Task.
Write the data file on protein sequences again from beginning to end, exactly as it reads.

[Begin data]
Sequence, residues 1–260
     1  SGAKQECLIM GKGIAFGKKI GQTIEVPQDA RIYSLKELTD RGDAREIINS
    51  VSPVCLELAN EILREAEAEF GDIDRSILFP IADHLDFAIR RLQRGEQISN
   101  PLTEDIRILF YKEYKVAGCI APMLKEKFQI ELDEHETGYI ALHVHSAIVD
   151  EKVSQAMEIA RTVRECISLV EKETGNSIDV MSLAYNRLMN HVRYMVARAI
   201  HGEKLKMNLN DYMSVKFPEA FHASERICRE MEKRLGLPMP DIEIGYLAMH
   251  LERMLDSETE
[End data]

Sequence, residues 1–260
     1  SGAKQECLIM GKGIAFGKKI GQTIEVPQDA RIYSLKELTD RGDAREIINS
    51  VSPVCLELAN EILREAEAEF GDIDRSILFP IADHLDFAIR RLQRGEQISN
   101  PLTEDIRILF YKEYKVAGCI APMLKEKFQI ELDEHETGYI ALHVHSAIVD
   151  EKVSQAMEIA RTVRECISLV EKETGNSIDV MSLAYNRLMN HVRYMVARAI
   201  HGEKLKMNLN DYMSVKFPEA FHASERICRE MEKRLGLPMP DIEIGYLAMH
   251  LERMLDSETE